4 . Record of your conversation with Charge D’Affaries Michael Gonzales

“…Dr. Tekeda stressed that the threat of sanctions against senior Eritrean officials had a clear chilling effect in Asmara. Dr. Tekeda specifically noted the Sanctions Committee’s consideration of Yemane Gebreab as being a critically important move.

(Note: Dr. Tekeda had a list of individuals targeted by the Somalia Sanctions Committee which included Yemane. End Note.)

Dr. Tekeda stressed that, although Yemane may not make ultimate decisions in Eritrea — a province reserved for President Isaias — he certainly advises Isaias, and his inclusion among those sanctioned would be a critical signal to Asmara that the international community is sincere in its interest in ending Eritrea’s destabilizing activities in Ethiopia…”

The 13 June 2009 cable shows the collaboration between Tekeda Alemu and Susan Rice and their intentions to hoodwink Africans and the Security Council by presenting their initiative as an “African Initiative”:

“…A delegation from the Inter Governmental Authority on Development (IGAD) met with Amb. Rice on June 10 to press for UNSC implementation of sanctions against Eritrea as called for by recent communiques of IGAD and the African Union (AU). The delegation, led by Ethiopian State Minister Tekeda Alemu and Somali Foreign Minister Mohammed Omaar, agreed that action needed to be taken against Eritrea… Tekeda made a case for more forceful sanctions, claiming that the TFG faced imminent collapse, and implying that only Ethiopian assistance had helped it survive thus far. (NOTE: While Omaar was titular head of the IGAD delegation, Tekeda paid him little deference. End note.)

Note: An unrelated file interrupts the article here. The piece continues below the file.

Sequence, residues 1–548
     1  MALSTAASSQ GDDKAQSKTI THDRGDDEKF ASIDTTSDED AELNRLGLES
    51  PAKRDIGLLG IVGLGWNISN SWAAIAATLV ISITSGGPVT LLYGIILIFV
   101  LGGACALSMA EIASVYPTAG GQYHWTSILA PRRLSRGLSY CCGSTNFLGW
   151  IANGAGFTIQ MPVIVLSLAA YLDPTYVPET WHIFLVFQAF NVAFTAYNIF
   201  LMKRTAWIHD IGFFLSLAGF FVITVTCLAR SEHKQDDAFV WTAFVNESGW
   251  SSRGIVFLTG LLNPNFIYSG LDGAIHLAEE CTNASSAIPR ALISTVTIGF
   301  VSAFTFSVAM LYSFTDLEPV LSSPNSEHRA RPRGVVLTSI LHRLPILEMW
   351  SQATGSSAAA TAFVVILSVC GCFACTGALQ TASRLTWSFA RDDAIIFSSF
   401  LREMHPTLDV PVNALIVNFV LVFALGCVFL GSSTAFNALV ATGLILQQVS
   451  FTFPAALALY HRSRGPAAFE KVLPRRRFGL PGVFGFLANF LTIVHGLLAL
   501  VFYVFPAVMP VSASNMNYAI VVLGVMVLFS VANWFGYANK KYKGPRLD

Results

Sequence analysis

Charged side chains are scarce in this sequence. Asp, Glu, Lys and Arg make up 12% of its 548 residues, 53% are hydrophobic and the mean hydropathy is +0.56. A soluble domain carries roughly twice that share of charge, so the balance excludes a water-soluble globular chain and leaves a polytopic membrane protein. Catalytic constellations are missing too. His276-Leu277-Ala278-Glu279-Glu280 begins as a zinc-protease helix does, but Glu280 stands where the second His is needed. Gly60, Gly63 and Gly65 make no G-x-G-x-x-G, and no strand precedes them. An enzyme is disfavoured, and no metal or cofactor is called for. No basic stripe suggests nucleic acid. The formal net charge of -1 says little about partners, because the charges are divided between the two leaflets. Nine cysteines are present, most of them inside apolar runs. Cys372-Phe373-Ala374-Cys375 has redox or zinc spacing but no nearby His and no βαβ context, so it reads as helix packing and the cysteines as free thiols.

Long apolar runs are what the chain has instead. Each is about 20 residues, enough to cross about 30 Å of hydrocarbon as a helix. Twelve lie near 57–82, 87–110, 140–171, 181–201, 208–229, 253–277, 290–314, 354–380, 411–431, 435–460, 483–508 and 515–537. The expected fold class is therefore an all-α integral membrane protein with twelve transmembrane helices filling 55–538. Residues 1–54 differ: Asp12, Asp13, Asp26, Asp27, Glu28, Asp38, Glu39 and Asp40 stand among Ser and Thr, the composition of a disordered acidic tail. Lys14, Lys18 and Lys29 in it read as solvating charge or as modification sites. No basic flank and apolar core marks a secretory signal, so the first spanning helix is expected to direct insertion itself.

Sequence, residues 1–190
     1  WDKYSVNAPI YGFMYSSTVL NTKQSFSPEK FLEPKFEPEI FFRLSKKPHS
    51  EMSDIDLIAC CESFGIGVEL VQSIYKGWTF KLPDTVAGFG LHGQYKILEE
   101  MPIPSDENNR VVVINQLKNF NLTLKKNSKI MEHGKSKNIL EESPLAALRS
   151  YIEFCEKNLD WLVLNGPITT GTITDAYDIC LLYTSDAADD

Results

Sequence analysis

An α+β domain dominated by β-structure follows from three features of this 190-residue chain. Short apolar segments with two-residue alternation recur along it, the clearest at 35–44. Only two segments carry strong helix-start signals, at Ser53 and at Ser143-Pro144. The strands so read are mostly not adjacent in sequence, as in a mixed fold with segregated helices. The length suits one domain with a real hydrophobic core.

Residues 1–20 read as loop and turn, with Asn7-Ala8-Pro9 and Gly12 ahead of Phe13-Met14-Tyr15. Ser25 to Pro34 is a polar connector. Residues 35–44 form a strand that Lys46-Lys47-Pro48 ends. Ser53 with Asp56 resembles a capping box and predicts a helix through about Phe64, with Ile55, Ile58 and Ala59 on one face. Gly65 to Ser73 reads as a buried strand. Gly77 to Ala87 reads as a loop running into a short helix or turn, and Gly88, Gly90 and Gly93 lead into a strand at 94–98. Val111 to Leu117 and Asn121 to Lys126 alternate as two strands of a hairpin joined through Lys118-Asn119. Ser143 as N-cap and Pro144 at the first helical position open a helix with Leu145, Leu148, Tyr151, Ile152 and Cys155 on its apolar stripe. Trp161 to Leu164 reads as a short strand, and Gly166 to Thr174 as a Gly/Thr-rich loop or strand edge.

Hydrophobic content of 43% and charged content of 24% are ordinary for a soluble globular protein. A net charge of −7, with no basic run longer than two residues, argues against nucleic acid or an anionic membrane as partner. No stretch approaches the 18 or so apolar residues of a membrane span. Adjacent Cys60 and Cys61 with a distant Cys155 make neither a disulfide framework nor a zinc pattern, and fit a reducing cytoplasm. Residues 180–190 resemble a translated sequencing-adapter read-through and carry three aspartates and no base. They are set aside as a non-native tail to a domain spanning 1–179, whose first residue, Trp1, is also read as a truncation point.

In Ethiopia’s view, Tekeda said, “we don’t have much time” to enact sanctions against Eritrea, adding “we want to see results within a week.” (C) Amb. Rice advised the group to reach agreement on a specific package of measures and counseled that the initiative would be more viable in the Council, if packaged as an African consensus proposal rather than one driven by Eritrea’s estranged neighbors Ethiopia and Djibouti…”

But she had more advice for her partners:

“…Rice also urged the group to draw a link to the situation in Djibouti when drawing up its proposal to sanction Eritrea. To punish Eritrea for its activities in Somalia while ignoring Djibouti would send an inadvertent signal that Eritrea could continue to invade its neighbors with impunity, she said…”

Whilst there were many accusations against Eritrea coming from Ethiopia and its surrogates, there has never been any independently verifiable evidence provided to substantiate any of their allegations. There were many fair individuals who disagreed with the narrative on Eritrea and Ethiopia managed to have them removed or else had their voices muffled.

For instance, South African Ambassador to the United Nations Dumisani Kumalo, Chairman of the U.N. Security Council’s Somalia Sanctions Committee told Reuters on 23 May 2008: